• 4

    Servings

  • Prep Time 15'

  • Total Time 40'

  • Gluten-free

  • Nut-free

Asparagus and sea buckthorn salad recipe

  • 4

    Servings

  • Prep Time 15'

  • Total Time 40'

  • Gluten-free

  • Nut-free

With spring right around the corner, I am excited to trade in my warm soups and stews for something a little lighter. I find it easier to pack the nutrients into something warms and hearty. It requires more creativity to construct a satisfying salad.

Crafting the perfect salad takes some practice. The first challenge is deciding what ingredients will work best together, think about the flavours, textures, and consistencies! My goal this season is to master the entrée salad, this means creating a balanced meal out of a light, refreshing dish. I am thinking of innovative ways to up the protein, fibre and healthy fats.

If you are not eating animal products, there are still plenty of plant protein options. In fact, I get all my protein from plant-based options. I choose garden peas since they are both a good source of protein as well as fibre. One cup of cooked garden peas provides around 9g of protein and 9 grams of fibre (1). I also love their taste and texture, it’s great to add variety to your salad. To boost my fiber, I made sure to add lots of other yummy vegetables such as asparagus, mushrooms and radishes.

The extra virgin olive oil is a healthy source of fat. It is a monounsaturated fat, which is the “good” type. We need fat for energy as well as for our cells and muscles (2). Adding greens to your salad is kind of a no-brainer. I like to stock up on my fresh greens at the farmers market, it is fun to combine different varieties.

I love the crunchiness of asparagus with the chestnut mushrooms. Of course, you can substitute out any vegetables that you would like, but this combo is my favourite right now. All together, this salad took only about 15 minutes. I prepped my veggies while the couscous was boiling and then was ready to put it all together.

The couscous is a bit sweet just like the green peas. Together, they balance out the sharp taste of the asparagus and the Erbology Organic Sea Buckthorn Dried Berries. To neutralize the strong flavour of asparagus, I cooked it with lemon and herbs, also making it easier to digest. You can add more or less sea buckthorn berries depending on how much flavour and crunch you like.

I try to treat my taste buds to complimentary flavours and textures, usually, this also ends up providing a diverse nutritional profile as well! A great way to do so is with fruits and vegetables, you would be surprised how often my dishes combine the two.

I make my salads to be served right away, but they can also be stored in the fridge until you are ready to enjoy. The great thing about a salad is that it makes for a great leftover. I like to repurpose my leftover salad into an open-face sandwich or as a side dish for my next meal. If I know that I am going to have leftovers, I make sure to lightly dress it or not mix in the dressing.

Asparagus is good for your health.

With its long list of nutritional benefits, asparagus is used as a medicinal vegetable. One cup of asparagus contains 3.6 grams of fibre or 14% of one’s daily fibre recommendation (1). As a source of both soluble and insoluble fibre, asparagus is great for our digestion. The soluble fibre helps to slow our digestion and keep us satiated for longer. Insoluble fibre is a bulking agent that helps to scrub our digestive tract, ridding our bodies of trapped toxins (3). If you are working to improve digestion and regularity of bowel movements, you may want to consider bumping up your asparagus intake.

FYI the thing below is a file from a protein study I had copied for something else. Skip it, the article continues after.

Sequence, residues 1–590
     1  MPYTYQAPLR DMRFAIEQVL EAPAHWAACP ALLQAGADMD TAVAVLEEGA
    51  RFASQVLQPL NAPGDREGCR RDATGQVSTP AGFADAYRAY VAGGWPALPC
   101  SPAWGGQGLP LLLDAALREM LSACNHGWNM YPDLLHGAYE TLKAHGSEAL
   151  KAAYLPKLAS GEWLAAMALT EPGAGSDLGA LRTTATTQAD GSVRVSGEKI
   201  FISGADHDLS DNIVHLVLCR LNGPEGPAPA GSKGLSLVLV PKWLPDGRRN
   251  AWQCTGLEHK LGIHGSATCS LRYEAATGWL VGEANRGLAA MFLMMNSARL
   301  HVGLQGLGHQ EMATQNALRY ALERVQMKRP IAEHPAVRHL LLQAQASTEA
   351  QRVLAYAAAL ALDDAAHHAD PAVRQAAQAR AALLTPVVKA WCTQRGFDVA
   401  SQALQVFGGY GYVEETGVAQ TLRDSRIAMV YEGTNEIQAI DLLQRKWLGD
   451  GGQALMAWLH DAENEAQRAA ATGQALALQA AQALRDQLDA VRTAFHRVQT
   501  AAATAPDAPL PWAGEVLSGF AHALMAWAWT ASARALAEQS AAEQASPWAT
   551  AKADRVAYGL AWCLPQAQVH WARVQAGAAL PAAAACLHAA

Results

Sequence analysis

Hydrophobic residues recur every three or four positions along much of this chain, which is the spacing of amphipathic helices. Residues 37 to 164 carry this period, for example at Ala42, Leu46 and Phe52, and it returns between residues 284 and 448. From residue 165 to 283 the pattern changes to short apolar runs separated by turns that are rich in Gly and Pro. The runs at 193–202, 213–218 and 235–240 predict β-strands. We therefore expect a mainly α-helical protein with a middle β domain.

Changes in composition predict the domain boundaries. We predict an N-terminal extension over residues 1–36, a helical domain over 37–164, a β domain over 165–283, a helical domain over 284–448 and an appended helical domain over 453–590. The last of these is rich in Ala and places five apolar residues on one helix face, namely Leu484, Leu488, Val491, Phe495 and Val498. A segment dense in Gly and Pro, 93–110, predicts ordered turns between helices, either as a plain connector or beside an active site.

The same cup of boiled asparagus also contains over a third of the recommended daily value of vitamin A and nearly a quarter of vitamin C (1). Vitamin A is a fat-soluble vitamin and powerful antioxidant. It is involved in immune function, vision, reproduction, and cellular communication. Beta-carotene is the form of vitamin A found in plants. Studies by the National Eye Institute have shown that this form of vitamin A, in combination with vitamin C, vitamin E, zinc and copper reduced the risk of advanced macular degeneration. Macular degeneration is the leading cause of age-related blindness (5,6).

Vitamin C functions as an essential building block of collagen. Collagen is the structural material for bone, skin, blood vessels and other tissue. It is what provides strength and elasticity for our skin, replaces our dead skin cells and essentially holds our entire body together. Collagen is the most abundant protein in our bodies but it is important to eat foods rich in vitamin C to replenish this source as age and other lifestyle factors slow its production (4,7).

A serving of boiled asparagus contains 1.6 mg or 10% of our daily recommended value of iron (1). Iron deficiency is quite common, especially amongst females. According to the Centres for Disease Control and Prevention, about 10% of women are iron deficient (8). Iron is a primary component of two cells; the blood cells that carry oxygen to the body’s tissues and the muscle cells that hold oxygen. Iron is an important element of hemoglobin, the part of red blood cells that carries oxygen from our lungs to the rest of our bodies. Without enough of these healthy oxygen-carrying red blood cells, our bodies can become fatigued. This fatigue can go as far as impacting our brain functioning and our immune systems ability to fight off a virus. Iron is also linked to healthy cells, skin, hair, and nails (4,9). It is important to ensure you are getting enough iron, especially if you are consuming a plant-based diet.

The benefits of sea buckthorn berries